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You break it, you bought it?

I have an employee who is constantly breaking things and routinely arrives late. Can I deduct the cost of the products from his wages? Can I deduct anything for being tardy?

You can’t typically deduct wages when employees break merchandise, but it depends on how the products are being broken. If an employee accidentally breaks something by no fault of their own, you cannot deduct that loss from their wages. Accidents happen in every business, and you are responsible for those losses as a business expense.

The general rule is that you can’t withhold wages or require an employee to reimburse you for cash shortages, breakages, or loss of equipment, unless the loss was caused by the employee’s willful act, dishonesty or gross negligence.

This rule applies in situations in which an employee accidentally drops something and it breaks, or if a customer walks out without paying their check. It would not apply if an employee intentionally threw a glass at a wall, for example, or took money from the register and lied about it.

Gross negligence occurs when an employee’s conduct falls far outside of the ordinary, to the point where they demonstrate a conscious indifference to the consequences of their actions. Courts, not employers, determine whether conduct rises to the level of gross negligence.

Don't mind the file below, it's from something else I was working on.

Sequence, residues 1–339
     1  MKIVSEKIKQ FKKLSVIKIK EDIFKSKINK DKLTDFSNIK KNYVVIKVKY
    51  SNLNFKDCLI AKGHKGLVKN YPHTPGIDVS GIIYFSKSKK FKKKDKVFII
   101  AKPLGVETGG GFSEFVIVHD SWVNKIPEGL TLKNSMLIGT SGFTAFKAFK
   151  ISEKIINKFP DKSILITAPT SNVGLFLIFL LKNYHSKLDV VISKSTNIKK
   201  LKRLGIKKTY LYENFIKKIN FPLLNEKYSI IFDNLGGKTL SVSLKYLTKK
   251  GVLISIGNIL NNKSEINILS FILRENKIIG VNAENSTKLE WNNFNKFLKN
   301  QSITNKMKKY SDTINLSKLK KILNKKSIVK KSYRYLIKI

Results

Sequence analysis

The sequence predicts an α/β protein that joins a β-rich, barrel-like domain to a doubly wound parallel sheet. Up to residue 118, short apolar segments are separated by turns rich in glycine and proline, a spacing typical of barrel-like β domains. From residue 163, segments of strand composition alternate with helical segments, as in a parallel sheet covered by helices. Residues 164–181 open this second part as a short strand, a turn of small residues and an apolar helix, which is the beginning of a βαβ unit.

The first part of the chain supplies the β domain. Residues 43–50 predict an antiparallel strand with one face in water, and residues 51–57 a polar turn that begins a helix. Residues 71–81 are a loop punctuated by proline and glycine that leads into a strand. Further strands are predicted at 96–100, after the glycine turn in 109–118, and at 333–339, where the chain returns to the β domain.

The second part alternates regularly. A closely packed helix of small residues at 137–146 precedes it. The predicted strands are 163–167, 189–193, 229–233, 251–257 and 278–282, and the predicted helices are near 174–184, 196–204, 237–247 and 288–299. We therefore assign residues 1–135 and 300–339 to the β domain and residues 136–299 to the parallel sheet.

It’s challenging to differentiate simple negligence from gross negligence. Not paying attention while driving might be simple negligence, but at what point does it become gross negligence? If you’re driving over the speed limit? If you’re intoxicated? Blindfolded?

You can’t simply accuse an employee of being dishonest or negligent and then withhold wages. Actually, I wouldn’t recommend withholding wages for dishonesty or negligence without speaking to an employment lawyer.

California Labor Code Section 224 prohibits wage deductions that are not authorized by the employee in writing or allowed by law. Wage withholding is extremely risky. If you’re later found to be incorrect, your employee could recover the withheld wages plus waiting time penalties.

Employers can really only reduce wages when required by law, such as for income taxes or wage garnishments or with the employee’s written consent, such as deductions for insurance premiums or retirement contributions.

You may be able to deduct money from your employee’s paycheck for coming in late to work. The amount that you deduct cannot be more than the amount of wages they would have earned during the amount of time they were absent, except that if the loss of time is less than 30 minutes, you can deduct up to half an hour of wages.

Mary Luros is a business law attorney with Hudson & Luros, LLP, in Napa, and can be reached atmary@hudsonluros.com or 418-5118. The information provided here is not intended as legal advice, nor does it form an attorney-client relationship with the author. The author makes no representations as to the reliability or accuracy of the above information. In a perfect world we wouldn’t need disclaimers — or attorneys.